Brexit live: Theresa May to make statement to the nation
Theresa May is making a statement to the nation after informing Parliament earlier today that she was asking the EU for a “short delay” to the Brexit process.
The Prime Minister held a series of meetings with opposition parties over the course of the evening.
Here are all the latest developments:
Here’s the moment earlier when the Prime Minister informed the Commons of her delay request
SNP also criticises Labour leader
SNP MP Stewart McDonald has told Jeremy Corbyn to “get a grip” after his refusal to engage in talks with the Independent Group present.
He tweeted: “I mean honestly, nine days until the country he wants to be Prime Minister of leaves the EU and @jeremycorbyn has gone full ‘you can’t sit with us’.
“This isn’t Mean Girls. Get a grip of your life, man!”
Former Labour MP criticises Corbyn
Corbyn refuses talks invite
Jeremy Corbyn refused to take part in opposition party talks because members of the breakaway Independent Group were present, other leaders said.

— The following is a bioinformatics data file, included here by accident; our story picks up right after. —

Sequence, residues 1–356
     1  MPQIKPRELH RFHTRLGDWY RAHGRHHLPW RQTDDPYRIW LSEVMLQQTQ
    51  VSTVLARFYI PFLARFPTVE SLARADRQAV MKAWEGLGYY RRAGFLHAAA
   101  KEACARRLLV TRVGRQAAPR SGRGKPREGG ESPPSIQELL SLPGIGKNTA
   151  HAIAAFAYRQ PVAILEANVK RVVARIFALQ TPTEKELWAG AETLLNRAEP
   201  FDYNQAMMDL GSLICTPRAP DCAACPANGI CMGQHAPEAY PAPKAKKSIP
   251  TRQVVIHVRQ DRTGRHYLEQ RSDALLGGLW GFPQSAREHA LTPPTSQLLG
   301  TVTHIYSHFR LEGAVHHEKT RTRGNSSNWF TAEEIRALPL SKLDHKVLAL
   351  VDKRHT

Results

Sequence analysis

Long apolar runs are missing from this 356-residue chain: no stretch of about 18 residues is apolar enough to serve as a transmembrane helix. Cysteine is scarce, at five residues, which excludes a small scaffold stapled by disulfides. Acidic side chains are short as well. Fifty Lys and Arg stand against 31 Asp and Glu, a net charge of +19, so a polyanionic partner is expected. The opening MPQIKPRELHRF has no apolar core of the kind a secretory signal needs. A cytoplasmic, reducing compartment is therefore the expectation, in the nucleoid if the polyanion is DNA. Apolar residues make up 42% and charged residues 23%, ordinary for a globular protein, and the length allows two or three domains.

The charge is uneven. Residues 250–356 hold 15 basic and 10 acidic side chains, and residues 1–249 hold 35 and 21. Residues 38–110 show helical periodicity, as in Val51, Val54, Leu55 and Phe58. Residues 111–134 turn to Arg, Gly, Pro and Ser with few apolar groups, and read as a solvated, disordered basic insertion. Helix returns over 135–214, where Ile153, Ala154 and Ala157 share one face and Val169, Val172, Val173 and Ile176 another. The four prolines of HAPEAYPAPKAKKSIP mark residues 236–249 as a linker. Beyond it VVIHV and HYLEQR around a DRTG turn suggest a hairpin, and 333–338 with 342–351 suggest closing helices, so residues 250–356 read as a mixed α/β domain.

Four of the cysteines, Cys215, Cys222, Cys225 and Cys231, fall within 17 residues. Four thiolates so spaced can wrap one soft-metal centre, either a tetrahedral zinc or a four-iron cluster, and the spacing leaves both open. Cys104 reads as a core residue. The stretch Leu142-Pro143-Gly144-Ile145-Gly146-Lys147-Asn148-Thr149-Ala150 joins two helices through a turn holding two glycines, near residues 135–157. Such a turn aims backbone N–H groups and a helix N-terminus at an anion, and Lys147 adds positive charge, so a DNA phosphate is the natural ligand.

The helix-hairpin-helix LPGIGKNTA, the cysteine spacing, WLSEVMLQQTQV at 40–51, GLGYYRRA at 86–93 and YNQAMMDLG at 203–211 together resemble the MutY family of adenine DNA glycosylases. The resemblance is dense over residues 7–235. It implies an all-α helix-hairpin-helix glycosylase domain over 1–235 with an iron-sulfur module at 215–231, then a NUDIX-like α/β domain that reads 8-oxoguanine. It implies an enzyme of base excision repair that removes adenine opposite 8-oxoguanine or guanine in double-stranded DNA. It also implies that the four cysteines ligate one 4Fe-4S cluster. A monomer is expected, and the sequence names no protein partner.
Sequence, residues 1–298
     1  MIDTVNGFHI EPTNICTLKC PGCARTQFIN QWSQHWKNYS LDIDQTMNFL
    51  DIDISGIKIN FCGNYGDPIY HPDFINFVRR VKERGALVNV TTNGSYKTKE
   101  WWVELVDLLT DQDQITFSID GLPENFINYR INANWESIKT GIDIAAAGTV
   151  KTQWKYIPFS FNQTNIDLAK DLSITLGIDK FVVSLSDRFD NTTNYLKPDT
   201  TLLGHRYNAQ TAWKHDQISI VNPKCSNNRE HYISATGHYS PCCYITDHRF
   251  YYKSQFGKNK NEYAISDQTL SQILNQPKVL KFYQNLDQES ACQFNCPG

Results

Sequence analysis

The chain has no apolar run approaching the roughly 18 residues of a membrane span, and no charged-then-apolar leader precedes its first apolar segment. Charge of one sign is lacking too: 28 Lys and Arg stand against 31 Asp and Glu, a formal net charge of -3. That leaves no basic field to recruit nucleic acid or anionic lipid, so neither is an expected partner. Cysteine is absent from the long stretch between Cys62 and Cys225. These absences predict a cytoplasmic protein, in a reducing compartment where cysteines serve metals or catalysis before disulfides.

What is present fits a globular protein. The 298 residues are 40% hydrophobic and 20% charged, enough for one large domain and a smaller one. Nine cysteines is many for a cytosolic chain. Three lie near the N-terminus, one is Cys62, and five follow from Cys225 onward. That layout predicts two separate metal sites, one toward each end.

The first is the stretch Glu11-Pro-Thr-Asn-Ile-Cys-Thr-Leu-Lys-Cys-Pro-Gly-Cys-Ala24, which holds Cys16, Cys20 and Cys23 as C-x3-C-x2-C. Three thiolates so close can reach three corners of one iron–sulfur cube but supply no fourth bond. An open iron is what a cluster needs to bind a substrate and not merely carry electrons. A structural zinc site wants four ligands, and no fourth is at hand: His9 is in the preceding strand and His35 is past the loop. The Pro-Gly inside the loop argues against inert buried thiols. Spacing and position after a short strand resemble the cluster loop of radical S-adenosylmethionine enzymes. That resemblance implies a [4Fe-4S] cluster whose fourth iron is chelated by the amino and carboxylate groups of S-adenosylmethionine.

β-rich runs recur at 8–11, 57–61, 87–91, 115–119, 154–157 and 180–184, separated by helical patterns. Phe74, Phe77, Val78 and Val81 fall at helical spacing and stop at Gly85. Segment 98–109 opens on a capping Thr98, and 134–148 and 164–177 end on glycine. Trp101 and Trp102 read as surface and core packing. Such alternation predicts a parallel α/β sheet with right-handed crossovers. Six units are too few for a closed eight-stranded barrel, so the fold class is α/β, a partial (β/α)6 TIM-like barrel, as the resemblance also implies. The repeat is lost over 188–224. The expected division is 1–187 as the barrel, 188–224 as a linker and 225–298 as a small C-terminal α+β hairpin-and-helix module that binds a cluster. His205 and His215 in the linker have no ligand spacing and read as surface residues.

Liberal Democrat leader Sir Vince Cable said: “That is rather a strange way to behave in a national crisis.”
Chuka Umunna, spokesman for The Independent Group, said: “I find it extraordinary behaviour in a national crisis.”
Parties call for continuous session
The SNP, Liberal Democrats, Plaid Cymru and the Green Party have called for Parliament to sit in “continuous session” until it can agree a “clear plan” for Brexit.
In a joint statement ahead of their meeting with Theresa May, the four Westminster party leaders – Ian Blackford, Sir Vince Cable, Liz Saville Roberts and Caroline Lucas – said a plan was needed that would enable the EU to agree a delay to Brexit beyond June 30.
They said that if the Commons was unable to agree a way forward they would be prepared “as a last resort” to take steps to secure a vote on revoking the Article 50 withdrawal process altogether.
“We agree that the House of Commons must formulate a plan that will give the EU Council the confidence to agree a longer extension beyond June 30, so that by the end of next week legislation can be in place to prevent a no-deal exit,” they said.
“Parliament should now sit in continuous session until it can reach a decision and set out a clear plan.
“We will be pushing for the House of Commons to support a referendum on remaining in the EU, others will put forward their own positions.
“If the Commons cannot agree, as a last resort we would be prepared to take steps to secure a parliamentary vote on the revocation of Article 50.”